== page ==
Carbon pricing (CP) imposes a monetary value on the external costs of emitting greenhouse gases (GHGs) for climate change mitigation. Today, the French carbon tax is one of the most ambitious CP initiatives in terms of government revenue size and the tax rate. The policy allowed a steady increase carbon tax rate between 2014-2018. However, the Yellow Vests protests that erupted at the end of 2018 caused the French carbon tax to deviate from its proposed trajectory of annual rate hikes. Using this unexpected deviation from the anticipated tightening of environmental regulations, my proposed research aims to provide causal estimates on how capital markets and firms respond to changes in climate policy. In this regard, I aim to answer, how capital markets respond to an unexpected shift in the trajectory of energy prices and how the economic performance of firms with varying energy intensities changes when anticipated energy prices decrease?
Mustafa is a Ph.D. candidate at the Graduate School of Arts and Sciences and the Fletcher School in the Economics department. He expects to complete his studies in May 2022. Prior to Tufts he received a M.A. in Political Economy at New York University and B.A. in Political Science and International Relations at Bogazici University (Istanbul, Turkey). During his work experience in governmental, non-governmental, and international organizations before Tufts, Mustafa had the opportunity to contribute to the development of climate mitigation policies and develop partnerships between public and private stakeholders, both at the national and international levels. At the Secretariat of the World Water Forum, he coordinated and edited the outputs of the intergovernmental meetings, circulated as a UN General Assembly document. During his job at one of the leading Turkish think tanks, the Economic Development Foundation of Turkey, Mustafa provided technical assistance to the Ministry of Environment and the Grand National Assembly of Turkey for draft legislation on climate change and industrial pollution control. Finally, at the Directorate for EU Affairs at the Turkish Ministry of Foreign Affairs, he had the chance to evaluate and monitor draft legislative processes in Turkey’s European Union accession process and coordinated Turkey-European Commission meetings on EU reforms. During the coursework phase of his Ph.D., Mustafa did not constrain himself solely with economics courses and wanted to learn methods in other fields of study such as geospatial analysis, computer science, and engineering. He has attended courses in these fields at Tufts and still actively communicates with colleagues working on these areas. With the guidance of his advisors at Tufts, he acts as a consultant for the Climate Change Group at the World Bank Group (WBG). Mustafa actively contributes to the State and Trends of Carbon Pricing Reports, the flagship report of the WBG on carbon pricing, and the Carbon Pricing Dashboard, the main source for most up-to-date information and data on carbon pricing for policymakers, practitioners, and academics.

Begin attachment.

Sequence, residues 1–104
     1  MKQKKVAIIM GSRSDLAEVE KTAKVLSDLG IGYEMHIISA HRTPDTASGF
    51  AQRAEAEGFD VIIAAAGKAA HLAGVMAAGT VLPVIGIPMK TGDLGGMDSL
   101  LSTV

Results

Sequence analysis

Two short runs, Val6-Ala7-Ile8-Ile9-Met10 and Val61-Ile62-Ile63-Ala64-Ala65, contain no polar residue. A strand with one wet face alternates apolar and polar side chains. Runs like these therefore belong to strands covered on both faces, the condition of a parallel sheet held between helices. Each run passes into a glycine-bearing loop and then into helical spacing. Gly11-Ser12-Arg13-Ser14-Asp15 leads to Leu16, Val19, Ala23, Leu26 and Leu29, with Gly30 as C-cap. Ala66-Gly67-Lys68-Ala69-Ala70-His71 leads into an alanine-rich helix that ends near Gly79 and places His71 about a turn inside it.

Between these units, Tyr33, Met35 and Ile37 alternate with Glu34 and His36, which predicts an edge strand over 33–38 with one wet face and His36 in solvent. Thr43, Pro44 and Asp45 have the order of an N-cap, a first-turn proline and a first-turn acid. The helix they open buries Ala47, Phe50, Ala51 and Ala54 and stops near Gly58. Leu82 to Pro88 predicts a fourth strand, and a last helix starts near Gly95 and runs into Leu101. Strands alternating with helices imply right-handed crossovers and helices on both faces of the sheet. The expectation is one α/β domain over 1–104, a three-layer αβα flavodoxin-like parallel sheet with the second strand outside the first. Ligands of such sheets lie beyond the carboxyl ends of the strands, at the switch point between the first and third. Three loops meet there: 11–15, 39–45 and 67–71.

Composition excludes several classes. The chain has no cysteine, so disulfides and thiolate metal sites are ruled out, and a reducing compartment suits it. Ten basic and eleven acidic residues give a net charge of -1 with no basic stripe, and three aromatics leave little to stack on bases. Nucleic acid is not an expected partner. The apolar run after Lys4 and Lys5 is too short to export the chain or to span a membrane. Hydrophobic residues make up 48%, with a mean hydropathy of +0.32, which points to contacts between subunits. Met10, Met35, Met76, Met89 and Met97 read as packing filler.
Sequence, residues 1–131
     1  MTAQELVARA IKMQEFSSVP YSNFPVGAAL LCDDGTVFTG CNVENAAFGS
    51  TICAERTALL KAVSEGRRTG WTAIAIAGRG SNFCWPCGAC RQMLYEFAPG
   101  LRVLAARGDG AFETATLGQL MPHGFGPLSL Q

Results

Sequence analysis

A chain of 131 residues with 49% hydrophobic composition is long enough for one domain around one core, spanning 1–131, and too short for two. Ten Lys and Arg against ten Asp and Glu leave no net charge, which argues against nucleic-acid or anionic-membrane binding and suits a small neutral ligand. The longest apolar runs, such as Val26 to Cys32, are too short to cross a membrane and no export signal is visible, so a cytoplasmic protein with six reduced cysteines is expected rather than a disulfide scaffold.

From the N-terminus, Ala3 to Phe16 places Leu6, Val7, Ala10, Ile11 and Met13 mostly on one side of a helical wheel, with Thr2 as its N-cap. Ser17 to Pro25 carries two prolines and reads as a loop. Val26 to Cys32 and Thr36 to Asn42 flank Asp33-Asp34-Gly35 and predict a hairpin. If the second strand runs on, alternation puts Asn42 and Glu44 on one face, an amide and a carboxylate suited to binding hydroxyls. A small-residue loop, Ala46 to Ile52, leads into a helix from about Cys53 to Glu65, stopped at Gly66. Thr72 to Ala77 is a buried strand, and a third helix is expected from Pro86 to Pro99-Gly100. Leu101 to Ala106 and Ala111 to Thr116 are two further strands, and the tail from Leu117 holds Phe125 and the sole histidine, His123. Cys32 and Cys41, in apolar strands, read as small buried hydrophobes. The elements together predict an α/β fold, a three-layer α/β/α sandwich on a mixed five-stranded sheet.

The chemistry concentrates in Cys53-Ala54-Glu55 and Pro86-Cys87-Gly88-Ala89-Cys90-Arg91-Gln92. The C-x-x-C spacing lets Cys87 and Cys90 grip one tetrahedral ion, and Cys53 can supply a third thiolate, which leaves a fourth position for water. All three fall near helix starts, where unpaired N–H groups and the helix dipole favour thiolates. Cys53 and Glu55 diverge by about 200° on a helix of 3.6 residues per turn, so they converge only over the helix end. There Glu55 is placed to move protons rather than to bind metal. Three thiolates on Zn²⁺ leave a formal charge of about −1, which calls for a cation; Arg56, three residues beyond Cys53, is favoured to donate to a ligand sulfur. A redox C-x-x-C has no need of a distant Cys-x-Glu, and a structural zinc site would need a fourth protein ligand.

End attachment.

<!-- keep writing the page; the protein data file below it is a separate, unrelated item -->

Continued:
Current Studies and Future Goals
When asked what he found most meaningful about his field of study, Mustafa responded with the following: “Many assume climate change is a problem that humanity needs to tackle in the next decade and beyond. However, it is an imminent problem that needs to be addressed today with mitigation and adaptation measures both at the local and the global level. These policies should not only be effective to reduce the impacts of climate change, but they need to be backed by scientific evidence that endorses the most cutting-edge methods in estimating the repercussions of such policies under uncertainty. The tools in the fields of economics and public policy allow scholars like me to address challenges in estimating the costs and benefits of climate change mitigation policies with a long-term horizon and at a global scale. I find the role that my discipline plays in informing policymakers about the most beneficial solutions to overcome climate change as the most meaningful aspect of my field."
When asked what interested him in becoming a TIE Fellow, Mustafa responded with the following: “Due to the nature of the research involved, doctoral candidates might be too bounded with the methods and approaches of their own field of study. I got interested in the TIE Fellows program to learn from and get acquainted with early-career scholars in different disciplines working on issues related to the environment, climate change, and energy at Tufts."
After Tufts, Mustafa hopes to continue working in the research space in climate change and energy economics to have a direct effect on informing policymakers, corporations, and the general public for adopting the most appropriate actions to tackle climate change and transition to a low carbon society.
When not doing school work, Mustafa enjoys spending hours at different playgrounds with his daughter and watching movies on his perpetually growing IMDB list.
Favorite food/drink: Manti, Daquiri
Favorite movie/TV show: Once upon a time in Anatolia by Nuri Bilge Ceylan, The Wire
Favorite course taken at Tufts: Climate change economics by Gib Metcalf